A new survey suggests parts of south west London are a haven for hedgehogs.
Scientists from the Zoological Society of London (ZSL)’s HogWatch programme have found hotspots of the endangered mammals in Barnes and Putney, as well as areas of north London.
The research, led by intern Rachel Cates and supported by Dr Chris Carbone, senior research fellow at ZSL’s Institute of Zoology, involved placing hundreds of camera traps in parks and green spaces across the capital for a two-week period in 2019.
Miss Cates said: “We don’t know why hedgehogs would be doing so well in some areas, but less so in others, when the habitats look similar.
“One explanation could be that these areas are isolated from larger green spaces, meaning there’s no safe passages to enable hedgehogs to access these sites from outside.”
Previous surveys conducted by the British Hedgehog Preservation Society (BHPS) and the wildlife charity People’s Trust for Endangered Species (PTES) found half of rural hedgehogs have been lost from the countryside, and a third from towns and cities, since 2000.
This is due to a combination of factors including agricultural intensification and pesticide use in rural areas, and lack of connectivity, fenced in gardens and busier roads in urban areas.
The largest population found by the latest survey is in Hampstead Heath in north London, where record numbers were seen.
In south west London 62 hedgehog sightings were recorded at the WWT Wetland Centre, Barnes Common, Putney Lower Common, Roehampton Golf Course, the Bank of England Sports Centre and on Palewell Common.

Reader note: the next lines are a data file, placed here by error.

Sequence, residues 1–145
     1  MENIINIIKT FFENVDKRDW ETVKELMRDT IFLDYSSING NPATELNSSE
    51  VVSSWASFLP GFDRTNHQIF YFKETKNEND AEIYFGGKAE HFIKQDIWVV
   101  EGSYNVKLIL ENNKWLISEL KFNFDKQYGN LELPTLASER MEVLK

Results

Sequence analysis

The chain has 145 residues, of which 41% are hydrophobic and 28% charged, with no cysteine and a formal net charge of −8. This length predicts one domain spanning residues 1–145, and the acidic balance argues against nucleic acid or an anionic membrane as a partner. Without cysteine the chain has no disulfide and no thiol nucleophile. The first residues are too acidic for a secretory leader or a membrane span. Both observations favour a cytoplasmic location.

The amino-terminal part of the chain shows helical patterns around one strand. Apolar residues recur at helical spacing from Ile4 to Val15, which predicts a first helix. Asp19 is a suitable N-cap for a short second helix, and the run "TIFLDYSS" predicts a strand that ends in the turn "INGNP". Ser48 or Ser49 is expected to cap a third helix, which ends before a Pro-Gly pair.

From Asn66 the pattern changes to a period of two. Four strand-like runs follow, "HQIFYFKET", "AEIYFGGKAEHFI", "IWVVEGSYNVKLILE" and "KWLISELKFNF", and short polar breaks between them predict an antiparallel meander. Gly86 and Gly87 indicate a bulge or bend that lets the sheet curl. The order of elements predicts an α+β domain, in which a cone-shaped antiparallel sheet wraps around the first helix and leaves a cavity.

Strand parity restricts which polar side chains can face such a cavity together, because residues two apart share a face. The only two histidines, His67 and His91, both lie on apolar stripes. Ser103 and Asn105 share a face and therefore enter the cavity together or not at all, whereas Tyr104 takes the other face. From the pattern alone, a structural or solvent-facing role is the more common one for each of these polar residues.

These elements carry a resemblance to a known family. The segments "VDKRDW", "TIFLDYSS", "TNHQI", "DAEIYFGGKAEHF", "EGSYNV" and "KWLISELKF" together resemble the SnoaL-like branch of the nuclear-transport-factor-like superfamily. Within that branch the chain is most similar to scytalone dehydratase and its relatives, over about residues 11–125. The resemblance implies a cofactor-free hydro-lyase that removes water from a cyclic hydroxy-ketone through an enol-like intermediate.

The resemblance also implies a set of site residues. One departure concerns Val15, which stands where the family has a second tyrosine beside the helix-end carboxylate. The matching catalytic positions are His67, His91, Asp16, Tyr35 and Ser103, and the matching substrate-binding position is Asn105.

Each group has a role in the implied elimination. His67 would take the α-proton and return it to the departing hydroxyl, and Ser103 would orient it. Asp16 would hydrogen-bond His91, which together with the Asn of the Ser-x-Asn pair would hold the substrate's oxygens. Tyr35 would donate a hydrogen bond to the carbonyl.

However, only one was spotted in the 65 camera locations in south-east London which included Dulwich Park and Peckham Rye.
It’s possible hedgehogs are living in these areas in private gardens, allotments and school grounds, but these were not included in the survey.
Mr Carbone said: “We’ve had very limited funds, we’re a project run on a shoestring, so there are far more areas to survey than we can afford to do at this stage.
“As things grow and funding comes in, we’ll be able to cover more of London and then I’ll be able to say with more confidence where exactly the hedgehog strongholds are.”
The PTES, which to date has awarded £6.5 million to research and conservation in the UK and internationally, is funding the internship on the project, one of 102 since 2002.
Grants manager Nida Al-Fulaij said: “Rachel and Chris’ work is so important. Helping us understand where hedgehogs are living and in what habitats gives us the best chance of successfully helping them.”
The ZSL recommends leaving a CD case sized hole in a garden fence to allow them to access neighbouring gardens, as well as to record sightings on the BIG Hedgehog Map.
Hedgehog Street, a nationwide campaign run by the BHPS and PTES, offers tips showing how people can make their garden more welcoming for hedgehogs.
Feature image credit: Dave Cooper for Hedgehog Street